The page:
A Program To Prevent Bleeding Complications in Older Patients Taking Warfarin. Ann Intern Med. 2000;133:S-7. doi: 10.7326/0003-4819-133-9-200011070-00005
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Published: Ann Intern Med. 2000;133(9):S-7.
Warfarin (sold under the brand name Coumadin) is a medicine that interferes with blood clotting. Warfarin can prevent some conditions that result from blood clots, such as stroke, pulmonary emboli (blood clots in the lung), and deep venous thrombosis (blood clots in the legs). People taking warfarin need careful monitoring with blood tests to be sure that the dose being given reduces the blood's ability to clot enough to prevent clots from forming, but not so much that bleeding occurs spontaneously. Serious bleeding (for example, into the digestive tract or into the brain) can occur when warfarin levels are too high. Many doctors' practices and hospitals have set up special programs to monitor patients taking warfarin, but little is known about how well these programs work.
To see whether a special program for patients taking warfarin decreased warfarin-related bleeding complications.
325 patients 65 years of age or older who started warfarin therapy during a hospitalization at a teaching hospital in Cleveland, Ohio.
The researchers assigned patients at random to either the special warfarin program or to usual care by their personal physicians. The program included patient education about warfarin, training to increase patients' participation in monitoring (including use of a home blood test), and warfarin dose adjustments by the researchers according to guidelines. The researchers then followed patients to see who developed bleeding complications and how often a patient's warfarin levels were in the appropriate range over the next 6 months. They also collected information about death and any new episode of a condition associated with blood clots.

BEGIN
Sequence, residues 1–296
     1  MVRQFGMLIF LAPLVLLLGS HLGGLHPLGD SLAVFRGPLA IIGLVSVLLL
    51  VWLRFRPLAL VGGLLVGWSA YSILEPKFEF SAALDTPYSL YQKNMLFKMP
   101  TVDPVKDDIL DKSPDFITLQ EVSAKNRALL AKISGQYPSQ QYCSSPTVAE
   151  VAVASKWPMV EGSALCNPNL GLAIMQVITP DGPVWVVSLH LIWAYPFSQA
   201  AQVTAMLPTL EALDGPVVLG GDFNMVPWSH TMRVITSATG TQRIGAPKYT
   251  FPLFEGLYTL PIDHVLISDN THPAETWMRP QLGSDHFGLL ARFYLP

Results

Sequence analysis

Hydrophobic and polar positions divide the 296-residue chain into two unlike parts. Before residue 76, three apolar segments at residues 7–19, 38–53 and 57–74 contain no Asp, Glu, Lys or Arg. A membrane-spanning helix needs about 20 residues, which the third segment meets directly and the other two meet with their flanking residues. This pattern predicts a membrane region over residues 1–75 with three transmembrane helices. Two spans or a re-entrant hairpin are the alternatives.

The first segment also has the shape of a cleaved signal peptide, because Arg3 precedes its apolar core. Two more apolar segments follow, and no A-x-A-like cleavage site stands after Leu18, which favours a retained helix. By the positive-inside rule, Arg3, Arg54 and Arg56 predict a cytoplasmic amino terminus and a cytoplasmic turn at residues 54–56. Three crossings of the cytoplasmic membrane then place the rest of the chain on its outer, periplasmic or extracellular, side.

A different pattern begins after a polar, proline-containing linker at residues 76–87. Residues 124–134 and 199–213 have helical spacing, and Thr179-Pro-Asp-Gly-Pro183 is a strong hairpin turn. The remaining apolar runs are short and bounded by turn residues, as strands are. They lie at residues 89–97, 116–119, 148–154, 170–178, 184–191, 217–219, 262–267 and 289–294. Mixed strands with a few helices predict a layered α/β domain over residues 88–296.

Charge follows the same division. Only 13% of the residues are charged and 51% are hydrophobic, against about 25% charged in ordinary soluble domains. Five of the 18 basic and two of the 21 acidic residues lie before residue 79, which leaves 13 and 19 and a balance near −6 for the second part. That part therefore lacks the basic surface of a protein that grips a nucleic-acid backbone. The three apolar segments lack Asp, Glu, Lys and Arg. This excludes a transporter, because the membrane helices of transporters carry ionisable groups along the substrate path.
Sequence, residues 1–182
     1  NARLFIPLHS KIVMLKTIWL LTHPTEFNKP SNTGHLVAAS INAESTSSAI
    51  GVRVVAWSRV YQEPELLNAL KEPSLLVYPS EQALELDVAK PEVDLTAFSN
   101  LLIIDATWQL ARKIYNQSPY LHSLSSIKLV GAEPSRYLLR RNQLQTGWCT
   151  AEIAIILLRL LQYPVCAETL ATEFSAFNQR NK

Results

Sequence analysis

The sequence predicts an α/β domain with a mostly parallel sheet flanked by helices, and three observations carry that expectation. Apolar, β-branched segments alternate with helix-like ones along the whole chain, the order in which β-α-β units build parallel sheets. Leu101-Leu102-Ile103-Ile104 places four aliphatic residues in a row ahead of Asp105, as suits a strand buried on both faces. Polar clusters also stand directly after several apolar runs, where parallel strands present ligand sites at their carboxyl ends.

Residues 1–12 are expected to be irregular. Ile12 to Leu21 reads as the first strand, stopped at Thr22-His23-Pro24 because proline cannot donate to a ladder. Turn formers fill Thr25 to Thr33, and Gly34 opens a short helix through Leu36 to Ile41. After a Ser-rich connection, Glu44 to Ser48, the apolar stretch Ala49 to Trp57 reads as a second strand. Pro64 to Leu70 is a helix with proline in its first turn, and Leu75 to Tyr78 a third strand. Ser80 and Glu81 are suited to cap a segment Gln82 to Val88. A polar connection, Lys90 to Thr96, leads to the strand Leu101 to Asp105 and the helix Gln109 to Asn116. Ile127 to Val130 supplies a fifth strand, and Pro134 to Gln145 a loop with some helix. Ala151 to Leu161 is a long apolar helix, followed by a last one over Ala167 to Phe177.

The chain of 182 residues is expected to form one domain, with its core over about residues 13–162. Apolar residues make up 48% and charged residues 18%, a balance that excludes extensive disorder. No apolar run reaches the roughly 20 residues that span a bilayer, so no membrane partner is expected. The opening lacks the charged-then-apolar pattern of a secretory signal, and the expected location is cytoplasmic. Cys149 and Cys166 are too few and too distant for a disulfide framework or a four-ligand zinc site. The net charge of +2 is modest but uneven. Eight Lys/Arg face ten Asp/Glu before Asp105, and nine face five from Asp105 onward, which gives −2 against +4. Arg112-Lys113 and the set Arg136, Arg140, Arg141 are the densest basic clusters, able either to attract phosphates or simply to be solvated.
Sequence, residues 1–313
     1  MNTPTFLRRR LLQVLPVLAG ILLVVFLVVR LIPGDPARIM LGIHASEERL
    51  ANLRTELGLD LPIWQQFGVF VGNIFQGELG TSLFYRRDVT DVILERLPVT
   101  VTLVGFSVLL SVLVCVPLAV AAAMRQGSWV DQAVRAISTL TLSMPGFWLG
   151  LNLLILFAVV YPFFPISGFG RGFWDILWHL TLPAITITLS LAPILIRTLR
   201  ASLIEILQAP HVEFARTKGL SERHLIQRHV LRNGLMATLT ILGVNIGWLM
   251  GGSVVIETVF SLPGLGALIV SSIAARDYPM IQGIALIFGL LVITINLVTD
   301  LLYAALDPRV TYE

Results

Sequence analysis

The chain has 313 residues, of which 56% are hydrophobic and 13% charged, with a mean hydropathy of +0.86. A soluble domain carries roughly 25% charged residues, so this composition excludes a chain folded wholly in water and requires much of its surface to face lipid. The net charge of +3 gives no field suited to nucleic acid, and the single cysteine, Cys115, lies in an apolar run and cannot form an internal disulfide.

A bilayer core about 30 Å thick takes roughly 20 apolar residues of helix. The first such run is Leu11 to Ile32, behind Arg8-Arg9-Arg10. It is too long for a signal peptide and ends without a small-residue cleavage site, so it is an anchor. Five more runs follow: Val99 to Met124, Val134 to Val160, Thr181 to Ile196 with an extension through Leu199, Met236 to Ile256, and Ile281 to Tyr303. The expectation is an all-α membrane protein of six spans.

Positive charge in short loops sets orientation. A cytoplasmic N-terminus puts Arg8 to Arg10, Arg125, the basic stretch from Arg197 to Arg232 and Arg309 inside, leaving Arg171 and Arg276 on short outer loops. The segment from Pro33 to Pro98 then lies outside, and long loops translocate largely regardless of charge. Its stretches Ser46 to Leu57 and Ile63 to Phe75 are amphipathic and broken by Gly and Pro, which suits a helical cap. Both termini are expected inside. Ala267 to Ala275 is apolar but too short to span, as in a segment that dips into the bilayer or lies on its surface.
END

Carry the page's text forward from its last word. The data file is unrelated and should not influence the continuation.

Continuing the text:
After 6 months of taking warfarin, 12% of patients in the usual care group experienced a bleeding complication compared with only 6% in the special program. Patients in the special program had warfarin levels in the appropriate range more often than did patients in the usual care group. There was no difference between the groups in death or new episodes of a condition associated with blood clots.
The study was done at a single hospital, and its results might not apply in other settings. In addition, it cannot tell us whether the costs of the special program are worth the observed benefits.
A special program for warfarin management that includes patient education, patient participation, home blood testing by patients, and warfarin dosing according to guidelines can decrease the frequency of bleeding complications in patients 65 years of age or older who take warfarin.
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The summary below is from the full report titled “A Multicomponent Intervention To Prevent Major Bleeding Complications in Older Patients Receiving Warfarin. A Randomized, Controlled Trial.” It is in the 7 November 2000 issue of Annals of Internal Medicine (volume 133, pages 687-695). The authors are RJ Beyth, L Quinn, and CS Landefeld.
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